One of the most integral part of financial planning is Estate Planning. It ensures that in the event of estate owner’s death, the survivors get access to his/her assets without any disputes and legal issues, in the proportion decided by the estate owner. Wills and Trusts are important vehicles for effective estate planning.
A will is a written document of the desired way of distribution of wealth among loved ones after one’s death. A few pointers about a will:
- It can be made only by individuals and has no legal validity until one’s demise.
- Will does not help manage individual’s assets when he/she is incapacitated, owing to old age, illness or injury.
- Will can be modified or revoked during the life time of an individual any number of times.
A trust is a three-party financial arrangement where one party (the author) gives a second party (the trustee) the ability to hold assets or property for a third party (the beneficiary). A few pointers about trust:
- It has rights and obligations assigned to each of the parties.
- Trusts can be created anytime and provides different structures.
- It lives alongside an individual.
- A trust can be formed for various purposes.
Difference between a Will and a Trust?
Need for setting up trust in Estate Planning:
- a) Aids to avoid any disputes within or outside the family
- b) Helps to Avoid any transmission loss
- c) Provides protection to personal assets against avoid claims / litigation’s in the future
- d) Ensure smooth distribution of wealth as per the estate owner’s desires rather than any statutory disposition
- e) Helps to Safeguard interests of dependents
- f) Gives an opportunity to assign guardians for minors and incapacitated beneficiaries
- g) Aids Inheritance tax planning
- h) Aids Philanthropy.
- i) Helps to minimise the expenses of transferring property to the beneficiaries and enable them to get more benefit.
- j) Helps to plan for medical and physical incapacity and decides in advance who should take care of the estate owner and his/her minor children in such a situation.
- k) Helps protect estate from the heirs’ creditors or from beneficiaries who may not be adept at money management
- l) May allow assets to pass outside of probate and remain private, in addition to possibly reducing the amount lost to court fees and taxes in the process.
Who can form a Trust ? / Parties to a Trust
Any competent individual person over 18 years of age and mentally sound can create a trust for any legal purpose(s). A trust can be created by or on behalf of a minor with the permission of a principal civil court of original jurisdiction. Apart from an individual, a company, firm, society or association of persons is also capable of creating a trust.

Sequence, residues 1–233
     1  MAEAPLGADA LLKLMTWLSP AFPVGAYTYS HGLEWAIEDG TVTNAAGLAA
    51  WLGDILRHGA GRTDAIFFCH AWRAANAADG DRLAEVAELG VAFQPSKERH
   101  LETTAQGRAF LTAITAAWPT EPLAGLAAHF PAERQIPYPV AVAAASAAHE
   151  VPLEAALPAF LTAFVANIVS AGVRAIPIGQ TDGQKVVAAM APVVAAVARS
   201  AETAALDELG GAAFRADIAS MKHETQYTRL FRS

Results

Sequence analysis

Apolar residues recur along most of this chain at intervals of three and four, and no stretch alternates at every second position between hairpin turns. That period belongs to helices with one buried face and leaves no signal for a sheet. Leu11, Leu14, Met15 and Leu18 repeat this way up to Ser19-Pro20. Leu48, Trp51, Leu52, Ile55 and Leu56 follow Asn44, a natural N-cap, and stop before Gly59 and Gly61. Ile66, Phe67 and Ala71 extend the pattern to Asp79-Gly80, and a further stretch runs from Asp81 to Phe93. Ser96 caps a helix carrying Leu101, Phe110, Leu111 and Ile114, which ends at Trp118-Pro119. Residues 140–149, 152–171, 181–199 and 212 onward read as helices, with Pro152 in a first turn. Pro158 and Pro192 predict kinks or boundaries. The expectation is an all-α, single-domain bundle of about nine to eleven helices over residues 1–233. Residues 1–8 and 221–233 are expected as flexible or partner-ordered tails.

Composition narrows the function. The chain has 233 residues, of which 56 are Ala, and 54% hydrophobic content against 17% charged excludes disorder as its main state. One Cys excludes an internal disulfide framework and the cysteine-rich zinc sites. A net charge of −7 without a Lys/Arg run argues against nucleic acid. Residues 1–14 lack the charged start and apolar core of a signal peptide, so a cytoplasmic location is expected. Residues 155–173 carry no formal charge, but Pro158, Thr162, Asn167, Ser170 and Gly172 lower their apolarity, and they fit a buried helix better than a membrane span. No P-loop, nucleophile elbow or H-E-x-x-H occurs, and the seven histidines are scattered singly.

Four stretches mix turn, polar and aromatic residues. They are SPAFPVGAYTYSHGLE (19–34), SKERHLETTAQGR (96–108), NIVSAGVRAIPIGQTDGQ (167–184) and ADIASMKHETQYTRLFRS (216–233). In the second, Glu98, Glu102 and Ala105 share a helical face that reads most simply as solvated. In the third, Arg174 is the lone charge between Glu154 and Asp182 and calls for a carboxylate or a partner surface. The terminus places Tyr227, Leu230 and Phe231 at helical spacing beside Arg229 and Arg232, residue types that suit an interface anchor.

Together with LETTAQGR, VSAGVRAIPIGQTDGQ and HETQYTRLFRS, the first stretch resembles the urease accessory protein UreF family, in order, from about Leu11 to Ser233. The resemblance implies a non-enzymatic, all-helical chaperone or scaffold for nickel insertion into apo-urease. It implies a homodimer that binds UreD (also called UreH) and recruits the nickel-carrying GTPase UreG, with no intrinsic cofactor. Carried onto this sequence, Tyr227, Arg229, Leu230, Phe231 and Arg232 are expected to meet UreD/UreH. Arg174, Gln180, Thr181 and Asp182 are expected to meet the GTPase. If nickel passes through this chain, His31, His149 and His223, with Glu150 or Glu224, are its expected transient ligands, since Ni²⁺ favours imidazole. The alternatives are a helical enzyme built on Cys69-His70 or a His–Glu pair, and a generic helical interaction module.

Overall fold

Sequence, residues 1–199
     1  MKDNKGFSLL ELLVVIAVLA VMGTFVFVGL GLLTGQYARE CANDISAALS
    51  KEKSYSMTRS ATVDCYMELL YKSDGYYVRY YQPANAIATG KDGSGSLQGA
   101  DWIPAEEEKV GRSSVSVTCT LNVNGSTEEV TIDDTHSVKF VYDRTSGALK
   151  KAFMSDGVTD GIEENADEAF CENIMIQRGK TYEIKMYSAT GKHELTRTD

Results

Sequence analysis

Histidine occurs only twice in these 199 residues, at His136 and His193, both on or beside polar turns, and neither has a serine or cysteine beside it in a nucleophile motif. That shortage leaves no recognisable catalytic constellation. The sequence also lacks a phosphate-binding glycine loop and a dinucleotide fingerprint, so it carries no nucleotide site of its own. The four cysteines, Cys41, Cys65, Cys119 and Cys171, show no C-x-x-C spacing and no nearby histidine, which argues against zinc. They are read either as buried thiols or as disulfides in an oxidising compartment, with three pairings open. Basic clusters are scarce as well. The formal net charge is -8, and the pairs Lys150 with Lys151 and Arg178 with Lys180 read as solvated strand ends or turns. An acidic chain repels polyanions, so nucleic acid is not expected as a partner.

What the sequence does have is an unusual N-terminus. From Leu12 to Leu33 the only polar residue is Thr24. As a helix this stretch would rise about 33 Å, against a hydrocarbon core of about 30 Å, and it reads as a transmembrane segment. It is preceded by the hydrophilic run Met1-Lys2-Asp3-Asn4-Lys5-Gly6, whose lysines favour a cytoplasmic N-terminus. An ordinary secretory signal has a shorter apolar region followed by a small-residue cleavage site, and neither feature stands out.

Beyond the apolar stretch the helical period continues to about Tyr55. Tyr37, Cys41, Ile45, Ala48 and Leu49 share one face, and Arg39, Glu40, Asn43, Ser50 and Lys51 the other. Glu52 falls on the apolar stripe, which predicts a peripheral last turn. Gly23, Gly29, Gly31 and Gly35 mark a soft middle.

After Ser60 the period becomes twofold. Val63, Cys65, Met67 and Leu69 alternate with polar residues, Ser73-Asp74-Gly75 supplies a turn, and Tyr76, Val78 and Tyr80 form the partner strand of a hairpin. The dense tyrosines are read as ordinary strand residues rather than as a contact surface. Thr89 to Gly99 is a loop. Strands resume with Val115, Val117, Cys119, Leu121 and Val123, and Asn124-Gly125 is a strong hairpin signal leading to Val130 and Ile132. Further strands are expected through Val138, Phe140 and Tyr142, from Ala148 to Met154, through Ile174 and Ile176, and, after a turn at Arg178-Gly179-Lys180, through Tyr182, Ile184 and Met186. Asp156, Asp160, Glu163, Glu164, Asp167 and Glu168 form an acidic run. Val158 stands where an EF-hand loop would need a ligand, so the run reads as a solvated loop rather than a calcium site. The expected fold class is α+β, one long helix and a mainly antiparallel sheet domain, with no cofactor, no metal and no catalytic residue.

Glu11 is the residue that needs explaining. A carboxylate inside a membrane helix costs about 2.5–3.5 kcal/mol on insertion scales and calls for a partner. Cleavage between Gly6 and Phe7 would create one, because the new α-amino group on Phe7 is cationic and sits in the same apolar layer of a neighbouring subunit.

What are the different types of trust?
Generally, there are two types of trusts in India, private trusts and public trusts. While private trusts are governed by the Indian Trusts Act, 1882, public trusts are divided into charitable and religious trusts.
A private trust is one in which beneficiaries may be definite and ascertained individuals and a public trust is one in which beneficiaries are unascertained individuals.
(i) Revocable Trust: When the settlor establishes a trust and retains the right to amend, modify or revoke the trust at any time, however if the author is deceased before the expiry of tenure of the trust – the status of the trust automatically changes to irrevocable.
(ii) Irrevocable Trust: When the settlor establishes a trust and the settlor effectively gives up his control over the assets – the trust is irrevocable in nature.
Without a will who gets all the assets?
In absence of estate planning, if one dies intestate (in absence of will), assets are than distributed amongst the family members (legal heirs) as per succession laws of the religion that the person belongs to (the intestacy laws of the state where the person reside). Assets include any bank accounts, securities, real estate and other assets owned at the time of death. A few examples of succession laws applicable as per religion are Hindu Succession Act, Parsi Succession Act, Muslim Shariat Laws etc.
How living trusts avoid Probate?
When setting up a living trust, a person transfer assets from his/her name to the name of the trust, which is under his/her control — such as from “Mr Rajesh and Bina Sinha, husband and wife” to “Rajesh and Bina Sinha, trustees for Rajesh and Bina Sinha trust dated (month/day/year).”
Legally the estate owner no longer owns anything; everything now belongs to the trust. So, there is nothing for the courts to control when the owner dies or become incapacitated. The concept is simple, but this is what keeps the estate owner and the family out of the courts.
“Living Trusts,” are an effective estate-planning tool for avoiding the costs and hassles of probate, preserving privacy and preparing the estate for ease of transition after one dies.
Debalina Roy Chowdhury